Fisichella was responding to questions at a news conference in Rome about the pope’s comment that Maciel’s crimes had been concealed, amid reports that the reverend had high-ranking supporters in the Vatican who protected him for decades.
Maciel is known to have been a favorite of Pope John Paul II because of his orthodoxy and his ability to recruit priests and raise money from wealthy patrons.
But Fisichella said the Vatican suggested looking inside the Legion. “We must be able to verify how well-covered up it was inside his congregation, not outside it,” he said. (Wrong. You need to look inside the Vatican for those bribed to look the other way. Or are you afraid to take such a step?)
Jim Fair, the Legion’s communications director, said “the Legion agrees with the pope’s comments in the new book.”
The order announced Tuesday that its powerful vicar general, the Rev. Luis Garza, was giving up some of his duties. Garza has insisted he knew nothing about Maciel’s crimes until recently. (Amazing how you can name your own price when you have access to all the security codes to all the money.)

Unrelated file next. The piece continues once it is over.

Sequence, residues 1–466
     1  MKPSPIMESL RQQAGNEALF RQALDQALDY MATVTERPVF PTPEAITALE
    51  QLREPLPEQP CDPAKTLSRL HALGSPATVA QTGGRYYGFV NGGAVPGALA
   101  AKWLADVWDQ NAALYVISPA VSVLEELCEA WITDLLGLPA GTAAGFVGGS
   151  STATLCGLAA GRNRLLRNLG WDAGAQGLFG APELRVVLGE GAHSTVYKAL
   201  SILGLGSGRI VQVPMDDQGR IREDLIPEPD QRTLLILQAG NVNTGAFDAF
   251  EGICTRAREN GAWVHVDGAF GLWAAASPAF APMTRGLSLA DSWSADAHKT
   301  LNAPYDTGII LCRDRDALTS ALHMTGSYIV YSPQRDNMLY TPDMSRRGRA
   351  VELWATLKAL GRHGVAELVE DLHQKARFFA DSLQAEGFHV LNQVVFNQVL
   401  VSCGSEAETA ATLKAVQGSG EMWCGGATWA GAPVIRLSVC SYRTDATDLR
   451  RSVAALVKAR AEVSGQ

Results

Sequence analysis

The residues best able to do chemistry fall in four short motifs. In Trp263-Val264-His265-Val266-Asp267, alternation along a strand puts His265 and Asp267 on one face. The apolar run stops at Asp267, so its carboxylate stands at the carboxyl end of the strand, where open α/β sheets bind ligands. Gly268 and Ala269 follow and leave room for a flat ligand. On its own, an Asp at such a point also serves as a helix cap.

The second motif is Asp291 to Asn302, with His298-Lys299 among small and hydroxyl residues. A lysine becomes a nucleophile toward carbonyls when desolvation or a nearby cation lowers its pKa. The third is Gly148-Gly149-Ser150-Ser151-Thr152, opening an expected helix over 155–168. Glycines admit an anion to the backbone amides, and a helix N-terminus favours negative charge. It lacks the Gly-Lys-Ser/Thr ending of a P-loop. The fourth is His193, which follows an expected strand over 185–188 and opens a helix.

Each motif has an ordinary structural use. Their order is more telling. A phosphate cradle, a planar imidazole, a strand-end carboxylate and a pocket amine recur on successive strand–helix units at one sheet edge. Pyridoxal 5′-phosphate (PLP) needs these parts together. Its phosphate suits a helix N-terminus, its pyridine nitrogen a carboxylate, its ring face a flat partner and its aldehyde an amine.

The Legion said in a statement that Cardinal Velasio De Paolis, the Vatican official whom Benedict appointed to profoundly reform the disgraced order, has also expanded the group’s governing general council and will appoint the two new members himself.
In the book, Benedict said the order deserves to continue its work.
“Maciel remains a mysterious figure. There is, on the one hand, a life that, as we now know, was out of moral bounds — an adventurous, wasted, twisted life. On the other hand, we see the dynamism and the strength with which he built up the congregation of Legionaries,” the pope said. “Naturally corrections must be made, but by and large the congregation is sound. In it there are many young men who enthusiastically want to serve the faith. This enthusiasm must not be destroyed. Many of them have been called by a false figure to what is, in the end, right after all.” (All those enthusiastic young men could serve in another order or in dioceses with priest shortages. Maciel was not 'adventurous, he was Satanic. All that 'dynamism' was all about the money.)
The revelations have thrown the Legion into chaos, with several prominent priests leaving the order over the past year, and dozens of consecrated members of the Legion’s lay branch, Regnum Christi, quitting.